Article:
GAINESVILLE — Florida’s Feleipe Franks fired a bomb down the left sideline to Trevon Grimes late in Thursday’s practice.
When Grimes, somehow, came down with it over defensive back C.J. Henderson, Franks started jawing with the bravado that comes from being a returning starting quarterback for a top-10 team.
“I was just talking noise,” Franks said.
The noise with and around Franks is different now than it was a year ago.
Last March, he was a few months removed from hitting an all-time low during his rough redshirt freshman season. He was fighting to regain the starting job he repeatedly lost the year before, and he was learning a new system under new coach and quarterback guru Dan Mullen.
But if you heard the rumblings from the fans at Thursday’s open practice, you know the noise is still there. He didn’t shush it out by bringing his finger to his lips in the comeback win over South Carolina, and he didn’t silence it all by leading the Gators to 10 wins and the Peach Bowl.
UF’s undisputed starter still seems like a question mark on a team trying to build its way toward a championship.
“It’s been unique,” Franks said of his Florida tenure. “It hasn’t been like a lot of people’s — like, it hasn’t been straight success. Mine has been kind of bumpy, but ultimately that’s what makes me who I am.”
There are reasons to be optimistic about the Gators’ future with the player Franks has become. The 31 touchdowns he accounted for were the seventh most in program history. His touchdown-interception ratio (24-6) was one of the 20 best in the nation, and only two returning starters in the country improved their passing efficiency more than Franks (up 30.1 points).
Mullen was impressed by the toughness he showed down the stretch, and Franks accomplished his coach’s chief goal by getting better at the routine, unspectacular plays.
And all of that was in Mullen’s first season, when Franks was still learning the offense.
Although he was unquestionably better last year than he was in 2017, he still only ranked No. 76 nationally in completion percentage (58.4). He completed less than 45 percent of his passes against Kentucky, LSU and Missouri.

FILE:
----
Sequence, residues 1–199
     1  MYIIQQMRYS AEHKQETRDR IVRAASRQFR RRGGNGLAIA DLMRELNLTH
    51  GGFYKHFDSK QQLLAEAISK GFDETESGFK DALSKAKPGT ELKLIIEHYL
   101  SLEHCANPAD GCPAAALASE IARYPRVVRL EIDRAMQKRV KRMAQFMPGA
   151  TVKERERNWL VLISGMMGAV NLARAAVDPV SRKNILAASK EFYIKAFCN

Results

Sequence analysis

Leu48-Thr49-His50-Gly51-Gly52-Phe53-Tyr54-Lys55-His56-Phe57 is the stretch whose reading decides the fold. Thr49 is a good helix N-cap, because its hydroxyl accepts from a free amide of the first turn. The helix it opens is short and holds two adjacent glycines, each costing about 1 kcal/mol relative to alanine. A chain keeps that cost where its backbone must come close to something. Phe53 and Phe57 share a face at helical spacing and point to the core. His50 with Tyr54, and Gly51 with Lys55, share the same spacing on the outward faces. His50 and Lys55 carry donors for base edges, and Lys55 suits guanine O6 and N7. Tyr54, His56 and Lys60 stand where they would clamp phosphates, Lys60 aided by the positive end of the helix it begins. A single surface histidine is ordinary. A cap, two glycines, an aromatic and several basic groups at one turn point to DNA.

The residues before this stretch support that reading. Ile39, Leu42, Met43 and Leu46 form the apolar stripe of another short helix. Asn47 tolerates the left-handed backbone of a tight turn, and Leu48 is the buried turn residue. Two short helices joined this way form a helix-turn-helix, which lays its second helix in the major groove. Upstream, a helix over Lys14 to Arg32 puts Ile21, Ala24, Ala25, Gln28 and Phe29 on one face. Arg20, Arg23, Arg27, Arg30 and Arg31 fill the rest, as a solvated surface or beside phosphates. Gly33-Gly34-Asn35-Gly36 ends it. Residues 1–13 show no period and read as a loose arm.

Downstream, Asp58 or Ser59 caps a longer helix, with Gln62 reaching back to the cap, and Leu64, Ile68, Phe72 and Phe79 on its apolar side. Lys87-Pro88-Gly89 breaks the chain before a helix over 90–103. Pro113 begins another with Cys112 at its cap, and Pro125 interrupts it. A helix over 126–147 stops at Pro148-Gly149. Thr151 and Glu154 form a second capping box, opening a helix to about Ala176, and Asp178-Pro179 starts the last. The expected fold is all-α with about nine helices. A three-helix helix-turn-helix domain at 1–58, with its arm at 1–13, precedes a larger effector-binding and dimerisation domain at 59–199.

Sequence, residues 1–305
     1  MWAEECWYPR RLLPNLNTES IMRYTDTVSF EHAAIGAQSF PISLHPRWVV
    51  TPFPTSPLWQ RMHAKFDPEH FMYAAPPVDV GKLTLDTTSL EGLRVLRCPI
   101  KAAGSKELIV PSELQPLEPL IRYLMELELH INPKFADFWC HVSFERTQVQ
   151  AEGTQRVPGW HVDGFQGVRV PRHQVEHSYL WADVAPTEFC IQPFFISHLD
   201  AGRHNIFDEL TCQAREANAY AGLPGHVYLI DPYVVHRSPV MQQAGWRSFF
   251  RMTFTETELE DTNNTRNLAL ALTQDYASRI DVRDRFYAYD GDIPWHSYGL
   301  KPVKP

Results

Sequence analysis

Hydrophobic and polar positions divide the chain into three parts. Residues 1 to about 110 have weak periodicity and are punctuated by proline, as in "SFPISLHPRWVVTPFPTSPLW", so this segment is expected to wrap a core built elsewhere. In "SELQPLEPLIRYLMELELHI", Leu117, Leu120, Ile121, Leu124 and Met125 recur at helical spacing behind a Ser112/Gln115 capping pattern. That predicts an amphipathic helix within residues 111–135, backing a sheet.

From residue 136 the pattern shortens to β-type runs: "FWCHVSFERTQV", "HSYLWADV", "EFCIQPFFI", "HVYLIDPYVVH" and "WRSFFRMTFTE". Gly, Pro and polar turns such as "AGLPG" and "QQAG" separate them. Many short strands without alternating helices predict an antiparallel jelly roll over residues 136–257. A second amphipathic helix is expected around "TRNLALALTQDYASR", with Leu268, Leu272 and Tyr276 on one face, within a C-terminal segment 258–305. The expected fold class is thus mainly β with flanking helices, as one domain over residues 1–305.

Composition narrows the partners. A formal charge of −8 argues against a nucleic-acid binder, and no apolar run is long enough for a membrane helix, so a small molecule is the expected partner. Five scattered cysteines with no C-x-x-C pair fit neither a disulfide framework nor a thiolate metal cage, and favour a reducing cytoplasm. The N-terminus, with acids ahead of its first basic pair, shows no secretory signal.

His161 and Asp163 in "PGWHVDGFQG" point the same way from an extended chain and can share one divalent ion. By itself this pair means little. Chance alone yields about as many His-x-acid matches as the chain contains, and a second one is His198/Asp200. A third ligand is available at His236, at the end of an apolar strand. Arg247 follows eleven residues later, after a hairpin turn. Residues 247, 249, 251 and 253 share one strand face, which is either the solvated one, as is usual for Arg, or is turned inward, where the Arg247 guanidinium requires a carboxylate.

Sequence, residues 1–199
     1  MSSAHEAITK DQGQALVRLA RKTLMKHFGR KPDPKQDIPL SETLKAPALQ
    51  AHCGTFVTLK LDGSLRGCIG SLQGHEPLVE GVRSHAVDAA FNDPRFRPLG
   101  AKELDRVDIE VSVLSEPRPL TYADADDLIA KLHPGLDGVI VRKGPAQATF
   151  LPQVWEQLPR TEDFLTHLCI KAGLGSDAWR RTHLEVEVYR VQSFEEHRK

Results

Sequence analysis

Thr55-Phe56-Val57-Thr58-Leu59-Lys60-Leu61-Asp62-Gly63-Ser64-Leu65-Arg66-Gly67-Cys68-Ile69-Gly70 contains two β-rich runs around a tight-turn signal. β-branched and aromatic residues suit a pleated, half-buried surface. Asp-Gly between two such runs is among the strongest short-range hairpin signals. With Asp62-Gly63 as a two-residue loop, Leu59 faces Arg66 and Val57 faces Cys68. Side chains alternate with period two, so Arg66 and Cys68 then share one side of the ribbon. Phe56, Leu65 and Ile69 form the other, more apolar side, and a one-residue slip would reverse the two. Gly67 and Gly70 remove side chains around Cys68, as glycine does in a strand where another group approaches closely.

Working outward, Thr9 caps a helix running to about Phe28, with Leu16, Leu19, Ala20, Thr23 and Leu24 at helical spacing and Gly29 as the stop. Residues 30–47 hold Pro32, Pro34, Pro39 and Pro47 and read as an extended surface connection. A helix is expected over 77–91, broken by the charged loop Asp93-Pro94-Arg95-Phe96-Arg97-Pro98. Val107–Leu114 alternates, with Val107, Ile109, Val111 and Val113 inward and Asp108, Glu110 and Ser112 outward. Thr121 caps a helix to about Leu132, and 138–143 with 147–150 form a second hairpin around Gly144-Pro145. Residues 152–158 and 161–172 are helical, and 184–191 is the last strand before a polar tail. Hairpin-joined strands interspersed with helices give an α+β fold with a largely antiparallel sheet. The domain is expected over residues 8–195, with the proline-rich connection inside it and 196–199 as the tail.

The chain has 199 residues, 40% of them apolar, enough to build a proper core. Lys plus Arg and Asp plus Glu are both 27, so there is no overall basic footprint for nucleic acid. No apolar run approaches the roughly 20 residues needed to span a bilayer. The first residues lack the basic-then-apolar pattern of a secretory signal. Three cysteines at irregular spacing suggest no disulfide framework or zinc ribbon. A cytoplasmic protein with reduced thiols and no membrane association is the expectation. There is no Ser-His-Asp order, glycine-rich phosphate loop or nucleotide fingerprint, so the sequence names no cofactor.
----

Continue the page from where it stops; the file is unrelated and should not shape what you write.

Critics can point not to the throws Franks made but the ones he didn’t because he missed an open receiver or held onto the ball too long. Even after his enormous jump in passing efficiency, he still only ranked 41st in the country. That’s not bad, but when you play at a school that produced three Heisman Trophy winners at quarterback, you’re not expected to rank one notch below Vanderbilt’s Kyle Shurmur.
Franks expects better, too.
Aside from the immediate aftermath of his disappointing 2017 season, Franks has never lacked confidence. With a breakout 2018 behind him and a second spring under Mullen just beginning, his belief in himself has grown.
“I just always try to build my confidence up, I mean, from year to year, from week to week,” Franks said.
The biggest reason he’s confident comes with the familiarity of Year 2 under Mullen. His receivers are unchanged. He understands the coaches and schemes better, which should lead to quicker decisions.
“If you’re a quicker decision-maker and know where you want to go with the ball, you’ve got a chance to be more accurate,” Mullen said. “Now you’re making good decisions with good accuracy, you can become a pretty good quarterback.”
And if Franks can grow beyond being a pretty good quarterback, the noise around him might finally start to subside.
Contact Matt Baker at firstname.lastname@example.org. Follow @MBakerTBTimes.